This section provides an introduction to dimensional modeling rather than a misguided attempt to teach modeling in a few pages. Modeling is a practical discipline, and the reality is that you will only get good at it through practicethat is why each chapter in this book walks you through some of the data modeling decisions for a given business solution.
The primary difference between E/R modeling and dimensional modeling is that for E/R modeling, you mostly look at the data and apply normalization rules, whereas for dimensional modeling, you listen to the users and apply your common sense. The OLAP cubes and subsequent analyses that are built on top of a relational database schema are not the right places to transform a complicated schema into a simple, user-friendly modelyou will be building the simplicity right into your schema.
A well-designed dimensional model uses the names and concepts that the business users are familiar with rather than the often-cryptic jargon-ridden terms from the source systems. The model will consist of fact tables and their associated dimension tables and can generally be understood by even nontechnical people.
Designing a Dimensional Data Model
The first question you will probably have when starting your first BI project will be "Where on earth should I start?." Unlike most modeling exercises, there will probably be fairly limited high-level business requirements, and the only information you will probably have to work with is the schemas of the source systems and any existing reports. You should start by interviewing (and listening to) some of the users of the proposed information and collect any requirements along with any available sample reports before beginning the modeling phase.
After you have this information in hand, you can move on to identifying which business processes you will be focusing on to deliver the requirements. This is usually a single major process such as sales or shipments, often building on an existing data warehouse that supports solutions from previous iterations of the BI process.
The remaining steps in the modeling process are essentially to identify the dimensions, measures, and the level of detail (or grain) of every fact table that we will be creating. The grain of a fact table is the level of detail that is stored in the table and is determined by the levels of the dimensions we include. For example, a fact table containing daily sales totals for a retail store has a grain of Day by Store by Product.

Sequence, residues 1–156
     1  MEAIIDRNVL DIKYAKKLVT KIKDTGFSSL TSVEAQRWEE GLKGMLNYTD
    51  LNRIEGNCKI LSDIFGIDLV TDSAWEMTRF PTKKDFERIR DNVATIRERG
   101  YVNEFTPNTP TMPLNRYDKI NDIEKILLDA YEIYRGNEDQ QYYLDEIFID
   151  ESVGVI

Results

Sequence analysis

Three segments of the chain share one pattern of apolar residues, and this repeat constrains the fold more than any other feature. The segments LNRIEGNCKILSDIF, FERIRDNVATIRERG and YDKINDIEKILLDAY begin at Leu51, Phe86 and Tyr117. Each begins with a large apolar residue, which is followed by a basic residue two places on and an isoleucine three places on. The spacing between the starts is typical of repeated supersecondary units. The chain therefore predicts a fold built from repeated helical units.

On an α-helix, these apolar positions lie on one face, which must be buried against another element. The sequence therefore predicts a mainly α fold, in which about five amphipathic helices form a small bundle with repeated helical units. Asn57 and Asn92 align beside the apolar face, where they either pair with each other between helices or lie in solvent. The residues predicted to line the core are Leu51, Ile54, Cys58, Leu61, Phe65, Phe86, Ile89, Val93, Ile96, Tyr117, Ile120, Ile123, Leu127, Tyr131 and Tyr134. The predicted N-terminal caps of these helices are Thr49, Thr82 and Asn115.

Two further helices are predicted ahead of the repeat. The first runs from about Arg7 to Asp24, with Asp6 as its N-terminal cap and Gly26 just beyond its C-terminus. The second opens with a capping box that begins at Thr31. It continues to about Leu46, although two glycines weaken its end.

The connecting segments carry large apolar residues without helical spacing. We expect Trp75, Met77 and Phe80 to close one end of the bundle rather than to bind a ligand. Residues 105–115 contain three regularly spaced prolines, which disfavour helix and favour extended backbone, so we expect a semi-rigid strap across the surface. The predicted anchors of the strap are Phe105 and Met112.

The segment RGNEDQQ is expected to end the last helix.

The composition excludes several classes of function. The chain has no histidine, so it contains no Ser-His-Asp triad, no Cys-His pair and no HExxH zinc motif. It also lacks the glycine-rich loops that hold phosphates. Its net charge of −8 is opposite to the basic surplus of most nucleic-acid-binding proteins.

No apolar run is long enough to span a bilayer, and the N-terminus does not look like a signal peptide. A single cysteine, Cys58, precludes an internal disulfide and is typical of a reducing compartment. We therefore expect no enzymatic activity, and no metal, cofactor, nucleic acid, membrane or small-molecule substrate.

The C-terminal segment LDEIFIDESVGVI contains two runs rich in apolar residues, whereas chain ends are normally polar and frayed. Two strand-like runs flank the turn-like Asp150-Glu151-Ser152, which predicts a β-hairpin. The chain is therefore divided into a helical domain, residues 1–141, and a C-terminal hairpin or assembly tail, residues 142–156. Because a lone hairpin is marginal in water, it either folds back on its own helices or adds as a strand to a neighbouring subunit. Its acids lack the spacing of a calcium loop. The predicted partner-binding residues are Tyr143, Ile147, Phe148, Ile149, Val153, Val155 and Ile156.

This process is often described in sequence, but the reality of doing dimensional modeling is that you will cycle through these steps a number of times during your design process, refining the model as you go. It's all very well when books present a dimensional data model as if it sprang to life by itself; but when you are swamped by the information you have collected, it helps to have some concrete goals to focus on.
Making a List of Candidate Attributes and Dimensions
When you are reviewing the information you have collected, look for terms that represent different ways of looking at data. A useful rule of thumb is to look for words such as by (as in, "I need to see profitability by product category"). If you keep a list of all these candidate attributes when you find them, you can start to group them into probable dimensions such as Product or Customer.
One thing to be careful of is synonyms: People often have many different ways of naming the same thing, and it is rare that everyone will agree on the definition of every term. Similarly, people in different parts of the business could be using the same term to mean different things. An important job during the modeling process is to identify these synonyms and imprecise names and to drive the business users toward consensus on what terms will mean in the data warehouse. A useful by-product of this process can be a data dictionary that documents these decisions as they are made.